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The Differential Contributions of Posttraumatic Amnesia Duration and Time Since Injury in Prediction of Functional Outcomes Following Moderate-to-Severe Traumatic Brain Injury

Eastvold, Angela D. PhD; Walker, William C. PhD; Curtiss, Glenn PhD; Schwab, Karen PhD; Vanderploeg, Rodney D. PhD

Journal of Head Trauma Rehabilitation: January/February 2013 - Volume 28 - Issue 1 - p 48–58
doi: 10.1097/HTR.0b013e31823c9317
Original Articles
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Objective: To examine the relative contributions of preinjury, injury severity, and acute postinjury variables in predicting outcomes at 1 year following moderate-severe traumatic brain injury (TBI).

Design: Secondary analysis of a prospective longitudinal cohort study.

Setting: Four Veterans Affairs Medical Center acute inpatient rehabilitation programs.

Participants: Active duty military or veterans with a nonpenetrating moderate-to-severe TBI.

Main outcome measures: Independent living status (N = 280) and work status (N = 248) at one year postinjury.

Results: Preinjury characteristics as a group accounted for the largest amount of variance in independent living status at 1 year; however, posttraumatic amnesia (PTA) uniquely explained the largest amount of variance (8.8%). Those with less than 60 days PTA were 9 times more likely to be independent; those with less than 30 days PTA were 3 times more likely to be independent. In contrast, acute postinjury characteristics accounted for the largest amount of variance in work status, with time to rehabilitation explaining the most unique variance (10.4%). Those with less than 48 days time to rehabilitation were 2.4 times more likely to be productive.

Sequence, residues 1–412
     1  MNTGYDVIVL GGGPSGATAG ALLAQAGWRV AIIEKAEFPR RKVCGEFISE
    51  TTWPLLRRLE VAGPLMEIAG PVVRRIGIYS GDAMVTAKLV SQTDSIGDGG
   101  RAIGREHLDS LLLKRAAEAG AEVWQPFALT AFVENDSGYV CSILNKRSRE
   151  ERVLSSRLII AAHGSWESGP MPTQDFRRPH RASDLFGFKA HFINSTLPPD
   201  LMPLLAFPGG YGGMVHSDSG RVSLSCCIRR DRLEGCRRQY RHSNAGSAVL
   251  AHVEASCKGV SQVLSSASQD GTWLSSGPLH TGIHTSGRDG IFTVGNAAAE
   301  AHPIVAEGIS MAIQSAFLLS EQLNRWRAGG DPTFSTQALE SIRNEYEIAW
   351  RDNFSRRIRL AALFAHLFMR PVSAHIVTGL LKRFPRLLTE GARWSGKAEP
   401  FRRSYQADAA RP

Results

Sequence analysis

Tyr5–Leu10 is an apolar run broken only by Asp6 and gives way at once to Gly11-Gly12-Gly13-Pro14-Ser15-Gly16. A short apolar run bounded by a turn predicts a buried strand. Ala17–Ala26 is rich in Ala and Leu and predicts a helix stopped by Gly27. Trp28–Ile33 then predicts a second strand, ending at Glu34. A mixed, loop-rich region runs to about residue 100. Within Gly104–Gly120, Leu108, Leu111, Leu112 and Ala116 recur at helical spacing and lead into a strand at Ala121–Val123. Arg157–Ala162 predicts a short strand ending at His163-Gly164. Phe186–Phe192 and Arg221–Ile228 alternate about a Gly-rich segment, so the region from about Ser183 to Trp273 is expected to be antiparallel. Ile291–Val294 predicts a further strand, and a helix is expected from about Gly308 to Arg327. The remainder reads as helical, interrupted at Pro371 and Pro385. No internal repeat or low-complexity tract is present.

Conclusions: This study highlights the differential contribution of variables in the prediction of 2 specific functional outcomes in a military sample, adding to our current body of knowledge to assist clinicians, patients and their families following TBI.

James A. Haley Veterans Affairs Medical Center, Tampa, Florida (Drs Eastvold, Curtiss, and Vanderploeg); Hunter H. McGuire Veterans Affairs Medical Center, Richmond, Virginia (Dr Walker); Defense and Veteran's Brain Injury Center, Richmond, Virginia (Dr Walker); Department of Physical Medicine and Rehabilitation, Virginia Commonwealth University School of Medicine, Richmond, Virginia (Dr Walker); Defense and Veterans Brain Injury Center, Bethesda, Maryland (Dr Schwab); Uniformed Services University of the Health Sciences, Bethesda, Maryland (Dr Schwab); Departments of Psychiatry and Neurosciences, and Aging and Mental Health Disparities, University of South Florida, Tampa, Florida (Dr Curtiss); Defense and Veterans Brain Injury Center, Tampa, Florida (Dr Vanderploeg); Departments of Psychiatry and Neurosciences, and Psychology, University of South Florida, Tampa, Florida (Dr Vanderploeg)

Corresponding Author: Angela D. Eastvold, PhD, Department of Neurology, School of Medicine, University of Utah, 650 Komas Ave 106A, Salt Lake City, UT 84108 (angela.eastvold@hsc.utah.edu).

The research reported here was originally supported by the Department of Veterans Affairs, Veterans Health Administration (VHA), Defense and Veterans Brain Injury Center, Uniformed Services University of the Health Sciences, Bethesda, MD, and a Department of Defense award administered through the Henry Jackson Foundation (grant MDA 905-03-2-0003). Further support was provided by the VHA Medical Center in Tampa, Florida.

The views expressed in this article are those of the authors and do not necessarily represent the views of the Department of Veterans Affairs.

The authors declare no conflicts of interest.

© 2013 Lippincott Williams & Wilkins, Inc.